Our Blue Certified Candidate, Misool Eco Resort is a leader in sustainability. Marit Miners shares her tips on how to be good to the environment while providing a beautiful resort for her guests--and the others who share the space.

This Cleaner Shrimp is doing his part to keep the ocean clean, so please do your part too. Here are some tips to try.

A variety of market studies in recent years have documented sustained interest among consumers in tourism products and services that protect the environment and respect local cultures.

Some 43% of respondents said they would be considering the ethical or environmental footprint of their main holiday in 2014, with nearly 10% more saying they would be doing so partially, according to Blue & Green Tomorrow’s Sustainable Tourism 2014 .


66% of consumers around the world say they prefer to buy products and services from companies that have implemented programs to give back to society, according to a 2012 Nielsen Wire Survey. Of this, 46% are willing to pay extra for CSRs.

Preventing the fire of tourism from getting out of control is the biggest challenge facing the industry today because popular destinations around the world are being literally “loved to death.” Diving is an excellent example of how tourism has changed in recent years. For many divers, diving is synonymous with travel; it’s often a big motivator for someone interested in becoming, and remaining, a diver. So whether your interests lie in the vocation or avocation of diving, we all have much to lose if tourism does, in fact, burn down the house.

Learn more about certification, how it works, the process, and the benefits. Certification sets standards and helps distinguish genuine ecotourism and sustainable tourism businesses from others that make empty claims. This helps to protect the integrity of these concepts. There are a number of other reasons why certification is important. 

Benefits for certified businesses:
• Certification helps businesses to improve themselves: going through a certification process is educational. Many certified businesses have stated that one of the greatest benefits of the certification process was to teach them the elements of sustainability in their operations and focus their attention on the changes they needed to make in their businesses. A better-operating business tends to be more efficient and to attract more clients.

• Certification tends to reduce operating costs. This has been found in almost every type of business certification. In tourism, it has been shown to dramatically reduce the costs of water, electricity, and fossil fuels, without reducing the quality of service.
• The process of implementing certification of sustainable tourism is often accompanied by easier access to technical assistance and financing for businesses to implement new technology – the business is educated about these technologies, while donors and financial institutions are more likely to offer low-cost financing.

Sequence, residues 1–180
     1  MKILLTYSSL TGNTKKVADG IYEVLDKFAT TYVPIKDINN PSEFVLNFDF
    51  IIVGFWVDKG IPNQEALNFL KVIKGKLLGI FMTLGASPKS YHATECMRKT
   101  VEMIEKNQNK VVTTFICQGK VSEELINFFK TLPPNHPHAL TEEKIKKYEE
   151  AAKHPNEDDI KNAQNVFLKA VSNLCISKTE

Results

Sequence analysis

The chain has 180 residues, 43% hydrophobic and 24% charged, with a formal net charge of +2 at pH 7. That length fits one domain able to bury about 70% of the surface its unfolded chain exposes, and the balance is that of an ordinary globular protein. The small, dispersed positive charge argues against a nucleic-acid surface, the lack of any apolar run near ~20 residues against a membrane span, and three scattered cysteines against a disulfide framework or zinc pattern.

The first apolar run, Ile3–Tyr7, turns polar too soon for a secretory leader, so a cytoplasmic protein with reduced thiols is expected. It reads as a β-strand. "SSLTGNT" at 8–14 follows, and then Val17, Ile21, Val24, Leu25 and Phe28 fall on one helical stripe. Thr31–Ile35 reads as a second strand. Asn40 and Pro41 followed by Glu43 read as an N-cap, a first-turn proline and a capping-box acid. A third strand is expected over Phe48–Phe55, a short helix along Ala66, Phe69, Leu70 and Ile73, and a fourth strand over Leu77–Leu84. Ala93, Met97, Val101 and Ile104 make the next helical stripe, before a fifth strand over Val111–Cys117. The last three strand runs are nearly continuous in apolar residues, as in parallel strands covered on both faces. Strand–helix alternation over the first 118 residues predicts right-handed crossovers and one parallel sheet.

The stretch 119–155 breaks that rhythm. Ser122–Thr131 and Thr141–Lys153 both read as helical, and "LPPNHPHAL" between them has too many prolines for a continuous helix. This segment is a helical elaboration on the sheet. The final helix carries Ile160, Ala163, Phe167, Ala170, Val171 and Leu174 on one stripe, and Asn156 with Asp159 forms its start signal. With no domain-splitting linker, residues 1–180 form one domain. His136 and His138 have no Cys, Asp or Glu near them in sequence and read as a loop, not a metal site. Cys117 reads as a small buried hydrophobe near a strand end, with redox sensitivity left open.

• Potentially, certification can provide a marketing advantage to certified businesses, as consumers learn to recognize credible certification brands.

Benefits for consumers:
• Certification provides tourists with environmentally and socially responsible choices – it helps consumers to know which businesses are truly socially and environmentally responsible and to make choices on this basis. As certification programs become better known, this may produce tangible benefits in a business’s reputation and popularity.
• Certification in general increases public awareness of responsible business practices.
• Certification can alert tourists to the environmental and social issues in an area, allowing them to act more respectfully or contribute to solutions.
• Certified businesses tend to offer better quality service.

Benefits for the environment and local communities:
• Certification requires the businesses to protect the environment and do little or no damage to it.
• It requires businesses to respect local culture and provide real economic and social benefits for it.
• When the business is economically sustainable, and offers quality of service to ensure that, it is likely to continue offering benefits for the long term.

This guide, which is based on an intensive consultation process with industry, local and national authorities, and conservation organizations, is designed for marine recreation providers seeking to understand and adopt environmental good practices. It can also be used as a tool by hoteliers, tour operators and cruise lines in selecting and managing suppliers based on sustainability criteria. For eight key topics associated with marine recreation, we offer a brief summary of the potential impacts, the rationale for good practice and suggestions on how to reduce these impacts. Recognizing that an extensive amount of information on environmental good practices for the marine recreation industry already exists, we offer sources for further information at the end of the guide.

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